The emergence of Chinese political culture from ca. 1900 to the present. A survey of recent scholarship on the emergence of China's political culture from ca. 1900 to the present, with a focus on such topics as civil society, the prospects for democratization and the impact of economic globalization on political change. (Smith)
349. Topics in Comparative History: Warriors and Outlaws in China and Japan
An examination of two great epic tales — Tale of the Heike and Outlaws of the Marsh — as sources for the comparative history of Japanese and Chinese culture and society. Some knowledge of Chinese or Japanese history is helpful but not required. (Smith, Division III) Not offered in 2004-05.
EAST B354. Identity, Ritual and Culture in Vietnam
This course focuses on the ways recent economic and political changes in Vietnam influence and shape everyday lives, meanings and practices. It explores construction of identity in Vietnam. Prerequisite: at least one ethnographic anthropology course at the 200 or 300 level, or permission of the instructor. (Pashigian, Division I; cross-listed as Anthropology 354)
EAST B381. History of Japanese Art
(Easton, Division III; cross-listed as History of Art 381)
398a. Senior Seminar
The first semester of this two-semester sequence surveys the kinds of resources available for undergraduate research on East Asia, identifies the tasks involved in designing a research project and gets participants started on their senior thesis. Required of all majors; open to concentrators and others by permission. (Kim, Smith)
399b. Senior Conference
Required of majors, open to concentrators and others by permission. Second semester of the two-semester thesis seminar. (Kim, Smith)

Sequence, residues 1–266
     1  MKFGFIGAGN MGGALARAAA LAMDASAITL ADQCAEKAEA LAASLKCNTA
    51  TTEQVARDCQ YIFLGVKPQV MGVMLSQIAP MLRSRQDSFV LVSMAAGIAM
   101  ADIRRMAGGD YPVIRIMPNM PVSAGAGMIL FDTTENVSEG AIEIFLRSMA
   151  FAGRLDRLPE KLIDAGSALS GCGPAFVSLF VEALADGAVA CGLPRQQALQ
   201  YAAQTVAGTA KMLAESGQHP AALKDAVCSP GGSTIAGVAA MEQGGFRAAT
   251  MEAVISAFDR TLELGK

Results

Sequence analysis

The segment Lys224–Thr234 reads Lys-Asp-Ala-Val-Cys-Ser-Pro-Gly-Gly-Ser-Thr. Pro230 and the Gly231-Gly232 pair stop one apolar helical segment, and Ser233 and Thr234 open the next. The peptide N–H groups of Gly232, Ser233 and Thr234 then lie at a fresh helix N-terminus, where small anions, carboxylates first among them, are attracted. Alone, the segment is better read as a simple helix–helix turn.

EAST B403. Supervised Work
410. Research Seminar in East Asian Thought and Culture
Guided research on varying topics in East Asian Thought and Culture. The theme of the seminar will vary from year to year, but all students must choose a research topic and write a paper that falls under their year's rubric. Special emphasis will be placed on close reading of primary sources. (Y. Kim) Not offered in 2004-05.
411. Research Seminar in Chinese Literature
Not offered in 2004-05.
412. Research Seminar in Chinese Language and Linguistics
Guided research on topics ranging from the social and cultural aspects of the Chinese language to theoretical issues in Chinese syntax and semantics. The individually designed research projects may differ by theme and scope, but all students are required to use primary language sources as part of their research portfolio and to have at least two relevant courses in their background. Open to upper-class East Asian Studies majors and Linguistics majors. Offered every three or four years. (S. Huang) Not offered in 2004-05.
413. Research Seminar in East Asian Buddhism
Guided research on topics to be determined by the students in consultation with the instructor. The theme of the seminar will vary from year to year, but all students must choose a research topic that falls under their year's rubric (for example, Pure Land Buddhism, Buddha Nature and Original Enlightenment, The Buddha Body). Open to upper-class majors in East Asian Studies and Religion, others by permission. An introductory course on Buddhism or equivalent knowledge is prerequisite. (H. Glassman) Not offered in 2004-05.
414. Research Seminar in East Asian History and Culture
Guided research on varying topics in premodern and modern East Asian history and culture. Special emphasis will be placed on designing a scholarly project based on such primary sources as literature (in translation or the vernacular), material and visual artifacts in area museums, and documentary sources in the Bi-Co and area libraries and archives. Open to upper-class students in East Asian Studies and History, and to others with permission of the instructor. (P. Smith) Not offered in 2004-05.
415. Research Seminar in the Material Culture of China
In this advanced research seminar, students will design and complete individual research projects centered on objects, architectural installations and other manifestations of Chinese material culture available in the Philadelphia area (other possibilities might include space, architecture and monuments in Chinatown). Students will explore a range of research methods for the study of objects and develop an understanding of how material culture can be used for the study of society and culture. (M. Gillette) Not offered in 2004-05.